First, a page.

Thoreau's Path in New York City

MY admiration for Thoreau is unbounded. For his wisdom. For his life of independence. For his greatness as a writer.

Imagine my surprise and delight to learn that this quintessential man of the country, this "self-appointed inspector of snow-storms and rain-storms, ... surveyor, if not of highways, than of forest paths," lived for a time in that most urban of places, New York - my city.

Thoreau traveled from Concord, Mass., to New York City at least seven times during his life. Some of his trips were in connection with the pencil business which his family owned. On one trip, he went out to Myrtle Avenue in Brooklyn to meet Walt Whitman; it was a coming together of two towering figures in American letters - the poet of the city and the prose-poet of the country.

On his trips to New York City, Thoreau acted like any other tourist. He walked along Fifth Avenue, admiring the houses, and went to museums, where he saw "sculptures and paintings innumerable." He made frequent visits to Barnum's Museum. There he came upon a herd of giraffes, referred to in his "Journal" as "camelopards." He browsed in "antique" bookstores along Fulton Street in lower Manhattan. He attended the opera. Being Thoreau, in the midst of all this bustle, he managed to spot a muskrat swimming across a pool of water.

Thoreau's stays in the city usually were of a few day's duration, except for his second visit, in 1843, when he stayed from May to December. He had come to New York to tutor Ralph Waldo Emerson's young nephews, with whose family he lived on Staten Island, and to explore possible writing opportunities with publishers.

He enjoyed walking around Staten Island. A few days after his arrival in the spring of 1843, he wrote home: "I have already run over no small part of the island, to the highest hill, and some way along the shore. From the hill directly behind the house I can see New York, Brooklyn, Long Island, the Narrows, through which vessels bound to and from all parts of the world chiefly pass.... Far in the horizon there was a fleet of sloops bound up the Hudson, which seemed to be going over the edge of the earth. ..."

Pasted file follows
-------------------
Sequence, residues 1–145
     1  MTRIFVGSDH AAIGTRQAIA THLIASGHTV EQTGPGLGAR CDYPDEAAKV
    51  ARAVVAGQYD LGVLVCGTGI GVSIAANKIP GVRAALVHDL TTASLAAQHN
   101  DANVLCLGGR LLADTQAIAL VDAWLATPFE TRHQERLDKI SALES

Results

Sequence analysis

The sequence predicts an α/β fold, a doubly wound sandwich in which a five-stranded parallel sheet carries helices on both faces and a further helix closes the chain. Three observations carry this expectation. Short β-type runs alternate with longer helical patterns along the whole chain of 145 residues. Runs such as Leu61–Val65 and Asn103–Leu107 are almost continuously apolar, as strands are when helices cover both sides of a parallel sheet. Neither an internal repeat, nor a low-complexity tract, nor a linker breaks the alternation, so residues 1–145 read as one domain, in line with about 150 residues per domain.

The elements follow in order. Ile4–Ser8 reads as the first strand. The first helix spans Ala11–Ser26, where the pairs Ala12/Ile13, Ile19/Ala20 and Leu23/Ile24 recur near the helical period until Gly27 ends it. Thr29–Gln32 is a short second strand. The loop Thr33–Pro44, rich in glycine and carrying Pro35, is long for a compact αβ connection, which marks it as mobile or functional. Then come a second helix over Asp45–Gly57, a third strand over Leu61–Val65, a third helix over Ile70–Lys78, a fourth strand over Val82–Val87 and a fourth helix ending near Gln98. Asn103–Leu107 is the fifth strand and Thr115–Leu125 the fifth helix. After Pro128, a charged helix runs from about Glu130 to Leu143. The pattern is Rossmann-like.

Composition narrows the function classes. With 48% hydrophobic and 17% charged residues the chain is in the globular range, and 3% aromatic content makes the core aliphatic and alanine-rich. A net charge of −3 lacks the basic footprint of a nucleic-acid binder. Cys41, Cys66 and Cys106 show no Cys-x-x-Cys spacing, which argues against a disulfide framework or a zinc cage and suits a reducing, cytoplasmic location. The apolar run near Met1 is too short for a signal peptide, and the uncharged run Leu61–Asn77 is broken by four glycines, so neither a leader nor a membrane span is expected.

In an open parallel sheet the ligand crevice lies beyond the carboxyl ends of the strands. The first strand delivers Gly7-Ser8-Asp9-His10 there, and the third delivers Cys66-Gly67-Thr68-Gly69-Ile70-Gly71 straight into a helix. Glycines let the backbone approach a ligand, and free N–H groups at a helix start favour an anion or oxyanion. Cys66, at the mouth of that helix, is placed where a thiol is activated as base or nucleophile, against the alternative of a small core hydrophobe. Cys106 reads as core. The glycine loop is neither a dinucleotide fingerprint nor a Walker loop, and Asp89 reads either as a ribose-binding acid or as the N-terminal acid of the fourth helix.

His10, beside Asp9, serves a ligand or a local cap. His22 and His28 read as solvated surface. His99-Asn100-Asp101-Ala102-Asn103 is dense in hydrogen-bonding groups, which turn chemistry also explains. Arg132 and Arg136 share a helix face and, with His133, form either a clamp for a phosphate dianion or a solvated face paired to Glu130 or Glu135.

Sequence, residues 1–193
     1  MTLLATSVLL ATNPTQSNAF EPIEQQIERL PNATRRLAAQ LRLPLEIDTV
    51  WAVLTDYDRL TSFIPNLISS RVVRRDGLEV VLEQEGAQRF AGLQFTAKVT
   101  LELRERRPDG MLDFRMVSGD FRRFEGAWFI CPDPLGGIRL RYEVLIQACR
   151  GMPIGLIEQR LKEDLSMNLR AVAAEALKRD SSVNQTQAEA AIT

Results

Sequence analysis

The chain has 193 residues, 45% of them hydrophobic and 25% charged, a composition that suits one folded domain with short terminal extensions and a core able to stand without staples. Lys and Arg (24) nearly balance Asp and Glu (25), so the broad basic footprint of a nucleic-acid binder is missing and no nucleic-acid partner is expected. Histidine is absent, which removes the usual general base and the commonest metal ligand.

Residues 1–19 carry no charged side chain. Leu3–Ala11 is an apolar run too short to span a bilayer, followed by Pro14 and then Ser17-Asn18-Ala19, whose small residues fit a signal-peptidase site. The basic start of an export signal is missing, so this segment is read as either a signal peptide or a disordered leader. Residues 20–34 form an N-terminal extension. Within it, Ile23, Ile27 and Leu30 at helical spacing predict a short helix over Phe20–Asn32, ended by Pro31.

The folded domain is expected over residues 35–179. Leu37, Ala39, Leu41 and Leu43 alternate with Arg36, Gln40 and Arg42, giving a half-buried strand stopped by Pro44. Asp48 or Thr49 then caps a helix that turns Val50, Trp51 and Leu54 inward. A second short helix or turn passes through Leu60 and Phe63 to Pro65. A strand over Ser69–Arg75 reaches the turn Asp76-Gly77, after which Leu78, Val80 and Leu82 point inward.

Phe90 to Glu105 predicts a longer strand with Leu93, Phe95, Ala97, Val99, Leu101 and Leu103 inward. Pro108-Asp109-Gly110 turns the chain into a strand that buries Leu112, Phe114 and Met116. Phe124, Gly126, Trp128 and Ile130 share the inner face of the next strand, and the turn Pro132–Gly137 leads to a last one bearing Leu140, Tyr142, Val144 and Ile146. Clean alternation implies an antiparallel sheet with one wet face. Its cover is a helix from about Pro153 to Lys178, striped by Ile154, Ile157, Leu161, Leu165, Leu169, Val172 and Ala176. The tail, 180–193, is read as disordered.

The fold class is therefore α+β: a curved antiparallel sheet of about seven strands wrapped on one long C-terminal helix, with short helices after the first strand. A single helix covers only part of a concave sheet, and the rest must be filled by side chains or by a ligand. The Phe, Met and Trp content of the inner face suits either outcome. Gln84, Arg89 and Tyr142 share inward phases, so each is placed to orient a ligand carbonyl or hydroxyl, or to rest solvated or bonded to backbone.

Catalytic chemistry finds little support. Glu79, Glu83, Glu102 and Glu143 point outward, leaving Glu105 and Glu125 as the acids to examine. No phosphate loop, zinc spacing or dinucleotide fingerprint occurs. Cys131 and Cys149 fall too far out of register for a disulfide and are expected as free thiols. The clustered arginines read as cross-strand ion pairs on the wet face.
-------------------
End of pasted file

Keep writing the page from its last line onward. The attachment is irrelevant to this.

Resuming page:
He loved the sea, describing it as "very solitary and remote." He saw men drag up their boats on the sand with oxen. He saw "great shad nets spread to dry, crabs and horse-shoes crawling over the sand." Now he heard the roar of the sea, "and not the wind in Walden woods."

To his sister, Sophia, Thoreau wrote of the trees and flowers on Staten Island. The fields were fragrant from the aroma of cedar. He admired the tulip trees. The woods were filled with honeysuckle. The season was far more advanced than in Concord. By May, "The apricots growing out of doors are already as large as plums. The apple, pear, peach, cherry and plum trees, have shed their blossoms."

But Staten Island was not New York City. Only in 1898 did it become a borough of the city, and to this day it remains a very different place from Manhattan. While Thoreau could relate to rural Staten Island, he found New York City a less congenial place.

To Emerson, he wrote, "I don't like the city better, the more I see it, but worse." And to his mother: "I do not like their cities and forts, with their morning and evening guns, and sails flapping in one's eye. I want a whole continent to breathe in, and a good deal of solitude and silence, such as all Wall Street cannot buy, - nor Broadway with its wooden pavement."

Because, as Thoreau wrote to Emerson during this period, he always sought to be "as much the pupil as I can be," he used his time in New York to see a great deal of the city. Thoreau shared one thing in common with New Yorkers: He loved to walk. He walked along the same avenues - those great arteries of the city - that I walk along today, and on those avenues he saw some of the same buildings that I see today. He saw the same rivers that I see, though none then were spanned by bridges. He saw the sun set

over the Hudson River. ("The sun sets on some retired meadow, where no house is visible, with all the glory and splendor that is lavishes on cities...," he was to write later in his essay "Walking.")

I have always lived in New York City. Each walk along the streets, each sight of familiar buildings, each view of the city's rivers binds me closer to my city. But for Thoreau, the city never took hold of his heart. In New York he remained a man of Concord, just as I, when visiting Concord, remain a New Yorker. He wrote to his family, "I carry Concord ground in my boots and in my hat, - and am I not made of Concord dust?"

Homesick, and with not much to show for his pursuit of publishers, Thoreau left New York City to return to Concord in mid-December, 1843. Nineteen months later he moved to Walden Pond.

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